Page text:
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Baptism in the Spirit: Is it Normal to Receive At or After Conversion?


MacArthur substantiates this change by appealing to Greek definitions of the preposition en and affirms that it can either be translated as “by” or “with” depending on the case of the word following it. That is true, but before we address that, there is an obvious question should be asked: If “with” the Spirit is more accurate, why do so many English translations render the Greek preposition en as “by”? The King James Bible, The Revised Standard Bible, The New American Standard Bible, and The New International Version all translate this verse as “by the Spirit.”

Also, if Paul’s First Epistle to the Corinthians taught that at conversion everyone was baptized with the Spirit, why in Acts are disciples baptized with the Spirit after conversion?6 That would make the Spirit’s work in Acts contrary to the Spirit’s teaching in the epistles.

This would violate the synthesis principle of interpretation that MacArthur defined as:

The synthesis principle puts Scripture together with Scripture to arrive at a clear, consistent meaning. If we hold to an interpretation of one passage that does not square with something in another passage, one of the passages is being interpreted incorrectly—or possibly both of them. The Holy Spirit does not disagree with himself.7

The Holy Spirit’s workings in Acts will not contradict the Holy Spirit’s inspired teaching. If the Spirit teaches in 1 Corinthians 12:13 that every believer receives the Spirit baptism at conversion, yet in Acts, the Apostles, Samaritans, Paul, and Ephesians were baptized with the Spirit after conversion, then the Holy Spirit would be contradicting himself. That means the interpretation of 1 Corinthians 12:13 that says every believer is baptized with the Spirit at conversion is inconsistent with the Spirit’s work in Acts.


Meaning of 1 Corinthians 12:13

Is there an interpretation of 1 Corinthians 12:13 that is consistent with the Spirit’s work in Acts? If 1 Corinthians 12:13 is not addressing the Baptism with the Spirit but the Baptism by the Spirit, it is not contradictory.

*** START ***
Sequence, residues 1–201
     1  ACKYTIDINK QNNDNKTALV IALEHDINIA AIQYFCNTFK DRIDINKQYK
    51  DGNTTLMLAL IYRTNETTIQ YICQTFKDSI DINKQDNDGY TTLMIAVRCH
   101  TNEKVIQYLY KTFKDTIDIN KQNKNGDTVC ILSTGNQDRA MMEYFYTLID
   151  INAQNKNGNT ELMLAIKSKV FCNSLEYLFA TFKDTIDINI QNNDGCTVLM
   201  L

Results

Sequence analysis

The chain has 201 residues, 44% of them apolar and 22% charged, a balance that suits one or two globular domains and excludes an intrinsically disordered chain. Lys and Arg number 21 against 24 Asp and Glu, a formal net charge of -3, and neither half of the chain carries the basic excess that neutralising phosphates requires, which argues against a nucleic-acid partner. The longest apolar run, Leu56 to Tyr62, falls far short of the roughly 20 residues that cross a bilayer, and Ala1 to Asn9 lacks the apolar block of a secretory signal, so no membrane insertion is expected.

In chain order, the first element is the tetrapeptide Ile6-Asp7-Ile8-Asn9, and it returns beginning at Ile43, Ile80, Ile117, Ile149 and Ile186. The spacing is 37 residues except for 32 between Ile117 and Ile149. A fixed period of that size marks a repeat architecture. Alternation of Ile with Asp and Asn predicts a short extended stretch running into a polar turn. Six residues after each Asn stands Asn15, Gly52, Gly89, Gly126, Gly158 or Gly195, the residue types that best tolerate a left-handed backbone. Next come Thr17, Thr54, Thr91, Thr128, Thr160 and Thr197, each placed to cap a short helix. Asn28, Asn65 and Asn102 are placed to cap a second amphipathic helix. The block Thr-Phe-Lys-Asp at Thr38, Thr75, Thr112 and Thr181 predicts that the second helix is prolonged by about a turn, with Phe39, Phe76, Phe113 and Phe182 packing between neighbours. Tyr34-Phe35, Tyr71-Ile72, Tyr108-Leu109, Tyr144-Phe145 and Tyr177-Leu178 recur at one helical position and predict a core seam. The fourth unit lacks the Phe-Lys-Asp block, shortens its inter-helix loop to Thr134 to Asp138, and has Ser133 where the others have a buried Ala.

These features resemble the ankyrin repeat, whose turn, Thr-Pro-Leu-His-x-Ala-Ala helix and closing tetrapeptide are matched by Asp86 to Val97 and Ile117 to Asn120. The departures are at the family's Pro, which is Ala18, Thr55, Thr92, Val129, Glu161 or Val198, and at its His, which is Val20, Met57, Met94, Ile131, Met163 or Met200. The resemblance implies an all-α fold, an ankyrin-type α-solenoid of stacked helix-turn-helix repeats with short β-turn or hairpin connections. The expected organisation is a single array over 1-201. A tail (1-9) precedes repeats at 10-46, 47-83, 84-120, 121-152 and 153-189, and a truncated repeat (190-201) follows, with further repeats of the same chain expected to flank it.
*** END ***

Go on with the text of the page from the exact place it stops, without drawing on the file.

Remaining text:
It is not just a matter of the meaning of a preposition. It is a matter of who is doing the baptizing. The baptism with the Spirit is performed by Christ (Matthew 3:11). Whereas, Paul wrote about a baptism performed by the Spirit. Of course, it would be wrong to dissect the Trinity, but the Scripture does identify certain works with different persons of the Trinity.

Returning now to the meaning of the Greek preposition en. Kenneth Wuest, a Greek scholar, explained the use of this preposition as it refers to the Spirit’s work of baptizing believers into the Body of Christ:

The word “Spirit” is in the instrumental case in Greek. … The personal agent in this case who does the baptizing is the Holy Spirit. He places or introduces the believing sinner into the Body of which the Lord Jesus is the living Head. We could translate, “By means of the personal agency of one Spirit, we all were placed in one body.” …

This brings us to a careful distinction which we must make. It is not the baptism with the Spirit or of the Spirit, in the sense that the Holy Spirit is the element which is applied to us. It is the baptism by the Spirit. This baptism does not bring the Spirit to us in the sense that God places the Spirit upon or in us. Rather, this baptism brings the believer into vital union with Jesus Christ.8


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Category: Spirit, Summer 1999

About the Author: Michael D. Peters has ministered among charismatic and noncharismatic Christians for over twenty-five years. For the past 14 years (as of Fall 1998) he has pastored Christ the King Covenant Church in Webster Groves, Missouri. He hold a Masters in Theology from Covenant Theological Seminary and is presently pursuing a doctorate in historical theology at Saint Louis University.

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